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Re: [SG16] Are ill-formed UTF literals well-formed?

From: JeanHeyd Meneide <phdofthehouse_at_[hidden]>
Date: Sat, 24 Apr 2021 15:11:06 -0400
I agree with Steve.

There is no way to differentiate const char s[] = "foo"; and const
char s[] = { 'f', 'o', 'o', '\0' }; in Standard C++. Not even
extensions such as __is_builtin_pointer_p are capable of getting the
answer 100% correct. Even if we mandated that string literals be
exactly UTF-8 after all processing for the totality of the string
literals, it does not stop all arrays of char8_t from being (1) not C
strings and (2) not UTF-8.

This also gets in the way of writing string literals which are meant
to interoperate with legacy systems, where embedded nulls are re-coded
as (illegal) overlong UTF-8 sequences. If someone wants to force-check
validation of a string - including at compile time - they can use
compiler tools like /validate-charset (for source file checking) or
they can use library tools

The precondition applied to string literals is not useful here. These
preconditions belong on functions or -- better yet -- on actual types:


On Sat, Apr 24, 2021 at 2:47 PM Steve Downey via SG16
<sg16_at_[hidden]> wrote:
> I believe the intent, and the wording, is to say that the associated encoding is UTF-n.
> The real issue, in my opinion, is that string literal is not a type, and any well-formedness guarantees about literals does not and can not apply to char8_t[N] or char8_t*.
> char8_t s[] = {0xff, 0x0}
> should not be undefined behavior.
> More than that, a standard utf8->scalar_value decoder should not have undefined behavior when handed ill-formed encodings.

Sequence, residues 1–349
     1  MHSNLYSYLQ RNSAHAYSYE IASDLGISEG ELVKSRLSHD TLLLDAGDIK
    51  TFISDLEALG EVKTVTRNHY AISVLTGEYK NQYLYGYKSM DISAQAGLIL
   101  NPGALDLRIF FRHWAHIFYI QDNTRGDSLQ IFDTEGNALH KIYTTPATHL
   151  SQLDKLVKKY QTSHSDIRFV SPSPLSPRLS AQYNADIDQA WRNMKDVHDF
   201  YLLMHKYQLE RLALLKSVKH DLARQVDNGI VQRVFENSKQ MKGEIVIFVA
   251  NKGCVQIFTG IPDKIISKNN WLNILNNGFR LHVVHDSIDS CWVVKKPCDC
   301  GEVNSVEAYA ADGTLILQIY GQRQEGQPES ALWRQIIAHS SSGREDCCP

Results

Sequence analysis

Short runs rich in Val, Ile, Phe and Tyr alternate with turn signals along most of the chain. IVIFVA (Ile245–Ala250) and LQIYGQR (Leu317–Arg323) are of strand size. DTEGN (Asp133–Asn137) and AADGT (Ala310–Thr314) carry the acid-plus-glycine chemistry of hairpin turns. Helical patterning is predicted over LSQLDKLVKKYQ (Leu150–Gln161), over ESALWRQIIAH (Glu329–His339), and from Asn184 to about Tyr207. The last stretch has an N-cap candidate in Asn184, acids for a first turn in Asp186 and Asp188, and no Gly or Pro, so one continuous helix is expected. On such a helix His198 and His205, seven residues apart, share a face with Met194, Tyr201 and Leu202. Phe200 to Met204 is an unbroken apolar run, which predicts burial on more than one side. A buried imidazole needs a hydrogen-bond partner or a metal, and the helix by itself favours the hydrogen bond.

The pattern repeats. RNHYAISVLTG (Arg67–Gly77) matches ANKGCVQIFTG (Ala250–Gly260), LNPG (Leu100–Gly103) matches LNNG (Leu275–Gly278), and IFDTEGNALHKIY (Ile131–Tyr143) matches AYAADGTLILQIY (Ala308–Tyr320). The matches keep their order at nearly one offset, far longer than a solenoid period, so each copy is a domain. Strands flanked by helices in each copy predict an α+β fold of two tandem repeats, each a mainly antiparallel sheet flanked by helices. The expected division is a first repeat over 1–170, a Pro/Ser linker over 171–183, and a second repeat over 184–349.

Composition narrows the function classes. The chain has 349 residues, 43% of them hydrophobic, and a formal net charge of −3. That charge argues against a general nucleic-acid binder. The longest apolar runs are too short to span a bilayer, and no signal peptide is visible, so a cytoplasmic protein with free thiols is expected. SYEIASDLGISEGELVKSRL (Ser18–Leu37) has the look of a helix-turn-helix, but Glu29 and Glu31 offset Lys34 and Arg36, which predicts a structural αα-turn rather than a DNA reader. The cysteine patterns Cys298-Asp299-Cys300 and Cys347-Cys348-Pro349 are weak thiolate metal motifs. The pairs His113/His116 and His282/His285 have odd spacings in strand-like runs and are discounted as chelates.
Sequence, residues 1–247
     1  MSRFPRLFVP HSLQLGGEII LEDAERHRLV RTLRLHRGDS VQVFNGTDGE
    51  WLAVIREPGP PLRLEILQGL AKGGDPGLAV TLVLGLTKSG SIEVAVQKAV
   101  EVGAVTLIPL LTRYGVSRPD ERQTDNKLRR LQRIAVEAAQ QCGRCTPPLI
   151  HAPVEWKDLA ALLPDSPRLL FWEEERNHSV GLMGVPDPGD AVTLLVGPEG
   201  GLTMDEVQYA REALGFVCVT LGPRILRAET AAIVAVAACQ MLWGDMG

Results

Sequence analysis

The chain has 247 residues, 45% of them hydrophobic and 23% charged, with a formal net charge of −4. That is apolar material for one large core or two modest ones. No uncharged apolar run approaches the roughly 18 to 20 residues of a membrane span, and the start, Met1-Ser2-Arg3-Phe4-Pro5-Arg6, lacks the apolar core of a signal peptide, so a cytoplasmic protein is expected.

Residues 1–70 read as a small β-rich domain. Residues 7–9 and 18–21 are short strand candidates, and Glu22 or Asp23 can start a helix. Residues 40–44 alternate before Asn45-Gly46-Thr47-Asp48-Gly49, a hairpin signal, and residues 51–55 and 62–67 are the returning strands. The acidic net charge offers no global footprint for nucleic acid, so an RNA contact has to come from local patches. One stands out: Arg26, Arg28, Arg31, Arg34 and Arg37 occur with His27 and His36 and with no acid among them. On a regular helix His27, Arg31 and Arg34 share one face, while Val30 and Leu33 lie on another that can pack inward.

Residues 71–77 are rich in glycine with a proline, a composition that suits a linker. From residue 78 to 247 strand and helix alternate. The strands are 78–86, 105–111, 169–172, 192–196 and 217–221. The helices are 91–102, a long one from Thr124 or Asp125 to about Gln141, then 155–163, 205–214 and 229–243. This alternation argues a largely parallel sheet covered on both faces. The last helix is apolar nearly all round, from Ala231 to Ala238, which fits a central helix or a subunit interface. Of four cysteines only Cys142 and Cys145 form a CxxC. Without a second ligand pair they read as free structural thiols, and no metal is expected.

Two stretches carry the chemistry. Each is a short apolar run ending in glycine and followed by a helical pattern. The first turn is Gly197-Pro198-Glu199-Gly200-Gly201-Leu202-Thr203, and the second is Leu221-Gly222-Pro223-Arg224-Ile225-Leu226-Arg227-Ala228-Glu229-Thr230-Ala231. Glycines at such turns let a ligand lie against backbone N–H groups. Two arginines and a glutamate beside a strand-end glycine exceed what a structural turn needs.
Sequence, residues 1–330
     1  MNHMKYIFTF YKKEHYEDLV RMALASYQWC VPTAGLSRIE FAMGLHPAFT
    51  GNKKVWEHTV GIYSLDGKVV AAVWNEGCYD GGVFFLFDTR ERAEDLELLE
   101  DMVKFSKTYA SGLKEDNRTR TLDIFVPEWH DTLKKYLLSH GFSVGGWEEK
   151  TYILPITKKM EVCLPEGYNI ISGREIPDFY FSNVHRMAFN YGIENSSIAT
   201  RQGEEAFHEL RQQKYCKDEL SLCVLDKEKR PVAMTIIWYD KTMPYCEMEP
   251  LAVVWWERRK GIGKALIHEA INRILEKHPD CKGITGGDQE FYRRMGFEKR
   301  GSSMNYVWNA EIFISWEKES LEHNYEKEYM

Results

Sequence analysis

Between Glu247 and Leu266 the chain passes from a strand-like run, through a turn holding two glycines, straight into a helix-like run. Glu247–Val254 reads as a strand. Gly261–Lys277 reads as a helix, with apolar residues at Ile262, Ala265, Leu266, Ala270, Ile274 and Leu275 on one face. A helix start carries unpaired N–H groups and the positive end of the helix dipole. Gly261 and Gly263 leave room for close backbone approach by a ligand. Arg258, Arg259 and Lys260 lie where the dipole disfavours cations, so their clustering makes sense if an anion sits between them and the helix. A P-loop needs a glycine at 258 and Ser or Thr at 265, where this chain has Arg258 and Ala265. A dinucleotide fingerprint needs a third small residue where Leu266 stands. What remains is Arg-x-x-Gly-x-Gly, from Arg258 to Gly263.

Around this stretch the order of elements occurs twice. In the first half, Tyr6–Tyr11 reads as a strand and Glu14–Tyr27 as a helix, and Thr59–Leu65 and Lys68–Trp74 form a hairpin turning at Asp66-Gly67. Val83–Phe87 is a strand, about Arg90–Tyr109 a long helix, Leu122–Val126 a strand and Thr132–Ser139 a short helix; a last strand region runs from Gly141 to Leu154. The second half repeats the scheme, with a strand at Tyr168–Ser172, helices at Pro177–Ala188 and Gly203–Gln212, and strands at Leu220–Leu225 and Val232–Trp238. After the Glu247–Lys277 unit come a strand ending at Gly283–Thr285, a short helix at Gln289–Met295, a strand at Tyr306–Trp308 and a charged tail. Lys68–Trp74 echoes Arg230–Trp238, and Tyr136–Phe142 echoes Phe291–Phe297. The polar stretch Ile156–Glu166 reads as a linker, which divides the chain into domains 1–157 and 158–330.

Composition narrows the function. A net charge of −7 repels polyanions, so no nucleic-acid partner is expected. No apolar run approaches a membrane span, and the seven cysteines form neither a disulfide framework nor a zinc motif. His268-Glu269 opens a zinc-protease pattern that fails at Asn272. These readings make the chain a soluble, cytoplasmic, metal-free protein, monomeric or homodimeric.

> On Sat, Apr 24, 2021 at 7:26 AM Corentin via SG16 <sg16_at_[hidden]> wrote:
>> Hello,
>> Consider the following:
>> auto x = u8"\xC0";
>> In [decl.init.string], we say
>> > An array of ordinary character type ([basic.fundamental]), char8_­t array, char16_­t array, char32_­t array, or wchar_­t array can be initialized by an ordinary string literal, UTF-8 string literal, UTF-16 string literal, UTF-32 string literal, or wide string literal, respectively [..]
>> In ISO 10646, 9.1 UTF-8
>> > Table 3 lists all the ranges (inclusive) of the octet sequences that are well-formed in UTF-8. Any UTF-8 sequence that does not match the patterns listed in table 3 is ill-formed [..]
>> As a consequence of the well-formedness conditions specified in table 9.2, the following octet values are disallowed in UTF-8: C0-C1, F5-FE
>> A reading of both standards would lead me to believe that the code is ill-formed.
>> Either the standard represents the intent, this is ill-formed and all implementations need fixing (and we might add a note to the standard), or the standard does not describe the intent.
>> I would argue that it should be ill-formed, exactly because there is no such thing as invalid UTF-8 and allowing that defeats the purpose of UTF-8 literals and char8_t.
>> This doesn't really contradict P2029 : no value in preventing numeric escape sequences, but there should be a well-formedness check after all other transformations.
>> But regardless of whether we agree on that design question, my reading is that the standard contradicts ISO 10646.
>> Have a great week-end,
>> Corentin
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Received on 2021-04-24 14:11:20